Well at least it wasn’t Yo-Ho-Hum and a bottle of sleeping pills, but in the drive home from the theatre I realised they spent more time coming up with the title than they spent prepping anything else to do with the film.
As I watched the blur of colourful characters from varied backgrounds whirl and strut across lavish sets and exquisite locations I couldn’t help but think I’d seen it all before… but had long since forgotten. A fate that will no doubt be consigned upon any recollections of Pirates of the Caribbean: On Stranger Tides within days.
First let’s take a step back by disclosing everything I know about the Pirates franchise already:
– Johnny Depp is a scurrilous PG13 pirate named Jack Sparrow, without him the Pirates of the Caribbean franchise is sunk.
– The original movie is named after a theme park ride.
– Don’t ask me about the second or third films, I have seen them and can’t remember a thing about either.
That’s about it really, I know sweet Jack
Sparrow… squat about the films, which doesn’t seem to impact any enjoyment derived from this one. In reality each film is about providing just enough distraction to have the audience walking out of the theatre thinking ‘well that must have been entertaining’, and recalling one of the many distractions – pirates, ghosts, mermaids, Johnny Depp, cleavage – in a favourable enough light that they line up for the next inevitable sequel.
In this outing we are caught up to speed quickly. Sparrow is as always in custody, though the type of custody where he can casually escape whenever he wants. He has lost his beloved ship the Black Pearl, presumed sunk, most of his crew, and 90% of the co-stars from previous films. The one constant is Captain Barbossa, the nefarious ying to Sparrow’s debaucherous yang, though he is now siding with the British navy, how very un-pirate-y indeed.
After the initial catch-up chat between Barbossa and Sparrow, which rapidly devolves into a slur-off of indecipherable accents and roguish bravado, there is the inevitable escape sequence and getaway chase.
The now free Sparrow hears of another claiming to be he, and he is none too pleased at this pirate piracy, that is until he is astonished to learn that it is none other than Angelica (Penelope Cruz) an ex-flame of his – one who he may have even actually… liked, and the two spend the remainder of the film smouldering at each other as they move from one carefully constructed setpiece to the next.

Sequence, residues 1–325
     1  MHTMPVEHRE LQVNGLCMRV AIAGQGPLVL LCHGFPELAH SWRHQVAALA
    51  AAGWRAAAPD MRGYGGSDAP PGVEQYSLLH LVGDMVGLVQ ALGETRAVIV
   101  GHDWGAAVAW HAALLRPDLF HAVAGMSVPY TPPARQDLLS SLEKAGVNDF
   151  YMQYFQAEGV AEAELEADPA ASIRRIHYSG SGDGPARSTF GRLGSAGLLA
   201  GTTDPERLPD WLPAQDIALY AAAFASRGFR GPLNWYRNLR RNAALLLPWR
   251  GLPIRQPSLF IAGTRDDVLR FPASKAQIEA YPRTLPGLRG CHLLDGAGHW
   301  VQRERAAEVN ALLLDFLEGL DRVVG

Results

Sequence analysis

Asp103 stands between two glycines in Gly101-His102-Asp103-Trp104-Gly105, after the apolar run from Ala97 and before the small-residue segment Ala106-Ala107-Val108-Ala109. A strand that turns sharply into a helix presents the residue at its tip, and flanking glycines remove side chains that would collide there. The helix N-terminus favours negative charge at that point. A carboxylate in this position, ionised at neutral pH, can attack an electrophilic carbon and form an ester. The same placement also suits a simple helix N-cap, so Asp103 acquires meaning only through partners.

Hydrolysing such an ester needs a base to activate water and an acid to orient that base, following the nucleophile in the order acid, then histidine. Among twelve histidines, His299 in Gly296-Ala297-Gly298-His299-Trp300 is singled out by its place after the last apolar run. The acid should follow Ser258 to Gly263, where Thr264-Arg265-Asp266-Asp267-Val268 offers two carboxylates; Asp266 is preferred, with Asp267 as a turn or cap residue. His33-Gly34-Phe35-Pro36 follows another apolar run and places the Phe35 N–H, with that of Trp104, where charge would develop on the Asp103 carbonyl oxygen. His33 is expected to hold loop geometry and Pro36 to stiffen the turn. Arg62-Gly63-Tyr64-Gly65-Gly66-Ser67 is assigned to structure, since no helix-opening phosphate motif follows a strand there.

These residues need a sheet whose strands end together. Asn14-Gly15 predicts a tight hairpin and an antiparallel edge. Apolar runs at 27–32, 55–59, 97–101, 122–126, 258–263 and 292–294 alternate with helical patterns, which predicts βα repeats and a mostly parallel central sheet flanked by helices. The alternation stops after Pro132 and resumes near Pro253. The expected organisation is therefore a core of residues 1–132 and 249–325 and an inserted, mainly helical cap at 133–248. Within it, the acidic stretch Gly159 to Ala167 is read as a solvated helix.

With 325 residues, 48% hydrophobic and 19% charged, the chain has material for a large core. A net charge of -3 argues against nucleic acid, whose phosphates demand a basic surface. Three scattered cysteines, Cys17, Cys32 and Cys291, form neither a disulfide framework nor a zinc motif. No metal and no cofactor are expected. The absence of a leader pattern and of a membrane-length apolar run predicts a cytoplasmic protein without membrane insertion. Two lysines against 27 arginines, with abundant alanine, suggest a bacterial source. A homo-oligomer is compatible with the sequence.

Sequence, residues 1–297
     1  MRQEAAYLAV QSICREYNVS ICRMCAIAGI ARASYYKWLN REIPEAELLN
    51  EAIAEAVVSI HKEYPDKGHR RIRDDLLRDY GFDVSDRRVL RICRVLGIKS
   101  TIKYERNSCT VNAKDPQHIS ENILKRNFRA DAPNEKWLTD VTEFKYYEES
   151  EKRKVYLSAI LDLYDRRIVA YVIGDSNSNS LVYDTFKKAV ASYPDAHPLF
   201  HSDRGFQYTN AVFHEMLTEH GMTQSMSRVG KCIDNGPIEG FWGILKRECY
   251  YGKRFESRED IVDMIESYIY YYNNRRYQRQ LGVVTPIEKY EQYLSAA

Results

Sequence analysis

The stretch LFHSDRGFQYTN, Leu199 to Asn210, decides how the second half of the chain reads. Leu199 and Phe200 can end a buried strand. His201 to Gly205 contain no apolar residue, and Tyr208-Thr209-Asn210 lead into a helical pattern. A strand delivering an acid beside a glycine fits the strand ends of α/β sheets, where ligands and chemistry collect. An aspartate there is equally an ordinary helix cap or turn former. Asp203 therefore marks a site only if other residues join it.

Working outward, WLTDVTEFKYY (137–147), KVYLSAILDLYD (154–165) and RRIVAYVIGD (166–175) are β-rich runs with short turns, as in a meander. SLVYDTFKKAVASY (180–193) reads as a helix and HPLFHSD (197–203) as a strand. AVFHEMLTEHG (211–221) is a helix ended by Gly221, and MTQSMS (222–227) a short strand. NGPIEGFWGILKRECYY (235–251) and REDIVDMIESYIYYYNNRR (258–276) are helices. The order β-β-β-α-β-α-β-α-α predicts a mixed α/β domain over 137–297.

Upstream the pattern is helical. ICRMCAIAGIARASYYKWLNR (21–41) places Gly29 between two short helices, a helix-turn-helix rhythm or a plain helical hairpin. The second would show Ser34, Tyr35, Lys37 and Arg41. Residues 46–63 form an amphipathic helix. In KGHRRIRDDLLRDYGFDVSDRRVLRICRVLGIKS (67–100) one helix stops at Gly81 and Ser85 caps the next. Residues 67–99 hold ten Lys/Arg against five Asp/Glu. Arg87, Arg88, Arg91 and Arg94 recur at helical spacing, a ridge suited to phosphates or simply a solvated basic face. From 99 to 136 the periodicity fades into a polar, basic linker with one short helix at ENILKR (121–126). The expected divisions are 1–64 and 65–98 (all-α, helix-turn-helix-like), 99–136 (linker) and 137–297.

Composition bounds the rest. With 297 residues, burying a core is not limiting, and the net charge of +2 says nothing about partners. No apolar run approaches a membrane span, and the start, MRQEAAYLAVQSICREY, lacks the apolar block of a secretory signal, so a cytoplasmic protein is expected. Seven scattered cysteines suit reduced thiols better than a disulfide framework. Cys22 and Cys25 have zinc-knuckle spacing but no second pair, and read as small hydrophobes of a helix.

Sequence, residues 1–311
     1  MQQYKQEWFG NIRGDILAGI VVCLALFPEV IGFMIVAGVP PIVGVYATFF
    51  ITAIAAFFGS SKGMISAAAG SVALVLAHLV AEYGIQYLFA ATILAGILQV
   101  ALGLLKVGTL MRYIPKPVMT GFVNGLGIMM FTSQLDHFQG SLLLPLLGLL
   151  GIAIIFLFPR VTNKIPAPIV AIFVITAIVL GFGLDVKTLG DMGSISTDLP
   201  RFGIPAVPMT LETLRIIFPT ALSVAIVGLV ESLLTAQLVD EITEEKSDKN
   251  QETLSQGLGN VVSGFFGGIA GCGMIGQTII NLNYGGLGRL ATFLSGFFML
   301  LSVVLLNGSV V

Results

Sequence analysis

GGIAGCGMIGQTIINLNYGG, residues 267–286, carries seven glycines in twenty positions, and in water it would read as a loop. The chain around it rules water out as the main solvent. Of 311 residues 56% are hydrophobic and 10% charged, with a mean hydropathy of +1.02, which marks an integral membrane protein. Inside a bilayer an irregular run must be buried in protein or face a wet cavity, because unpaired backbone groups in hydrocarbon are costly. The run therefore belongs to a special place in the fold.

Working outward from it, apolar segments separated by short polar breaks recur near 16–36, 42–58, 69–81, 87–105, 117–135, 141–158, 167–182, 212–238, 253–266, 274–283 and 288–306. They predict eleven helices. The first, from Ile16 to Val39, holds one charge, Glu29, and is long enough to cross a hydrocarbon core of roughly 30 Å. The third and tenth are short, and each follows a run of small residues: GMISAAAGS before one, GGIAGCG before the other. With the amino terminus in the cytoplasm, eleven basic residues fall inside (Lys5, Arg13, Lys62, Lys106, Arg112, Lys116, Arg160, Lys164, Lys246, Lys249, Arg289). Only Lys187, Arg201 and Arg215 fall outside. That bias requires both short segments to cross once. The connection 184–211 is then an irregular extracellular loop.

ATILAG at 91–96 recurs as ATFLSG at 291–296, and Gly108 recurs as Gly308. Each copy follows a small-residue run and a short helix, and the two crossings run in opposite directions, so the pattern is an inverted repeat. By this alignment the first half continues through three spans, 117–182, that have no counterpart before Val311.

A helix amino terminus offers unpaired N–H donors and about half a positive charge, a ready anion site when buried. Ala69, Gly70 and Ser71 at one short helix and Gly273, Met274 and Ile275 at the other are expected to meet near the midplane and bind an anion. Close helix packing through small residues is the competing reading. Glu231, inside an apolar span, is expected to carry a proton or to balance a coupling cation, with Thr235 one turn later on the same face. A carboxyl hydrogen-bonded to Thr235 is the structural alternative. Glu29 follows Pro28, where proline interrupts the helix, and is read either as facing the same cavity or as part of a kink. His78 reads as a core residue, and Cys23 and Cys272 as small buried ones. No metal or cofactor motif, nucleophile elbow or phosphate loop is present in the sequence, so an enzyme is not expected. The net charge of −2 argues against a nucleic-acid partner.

A map has emerged that apparently leads directly to an important site, but it seems every man and his parrot have the co-ordinates already with the British navy – lead by Captain Barbossa, the Spanish navy – lead by a handsome guy who looks like a cross from the Cat from Red Dwarf and Prince circa 1985 and still another vessel making a beeline toward it – lead by none other than the greatly feared Blackbeard (Ian McShane), a man whom even the lowest, most dangerous pirates dread.
Blackbeard’s ship possesses magical powers that are stronger the closer he is to the ship and his crew are zombified strongmen, apparently more loyal and focused than regular scumbags. Angelica managed to secure a place aboard for both herself and Sparrow by claiming to be Blackbeard’s long lost daughter…
The ‘treasure hunt’ in this film is the Fountain of Youth – something Depp and Cruz might actually need if they plan to sail this cash-seacow for much longer.
The remainder of the film has the various parties moving towards their goals in a very PG13 manner, with fight scenes at sub-Jackie Chan levels, and of course the primary characters running into each other repeatedly to exchange suitably pirate-y dialogue.
If you believe the film every ship is full of empty barrels lying about to be thrown around, jumped on or jumped off as they roll away cinematically, every room has many ladders that go straight up to the rafters for no reason, and every rope when cut has no impact but allowing the cutter to ascend rapidly, they never seem to be tied or supporting anything.
The much discussed mermaid scene serves no purpose but to allow the filmmakers to discuss it much more, insinuating how tough it must have been to have all those supermodels lying about with no clothes on again and again, even when the finished onscreen product CGIs away all the goodies…
And the finale takes place on a set which might have been left over from The Goonies.
I was amused by Pirates 4, mostly because I let the bright colours and expensive elaborate sets seduce me, lest I become enraged at just how calculated and empty this all is.
Final Rating – 5.5 / 10. Pirates 4 might not be a total shipwreck, but it doesn’t really float my boat either.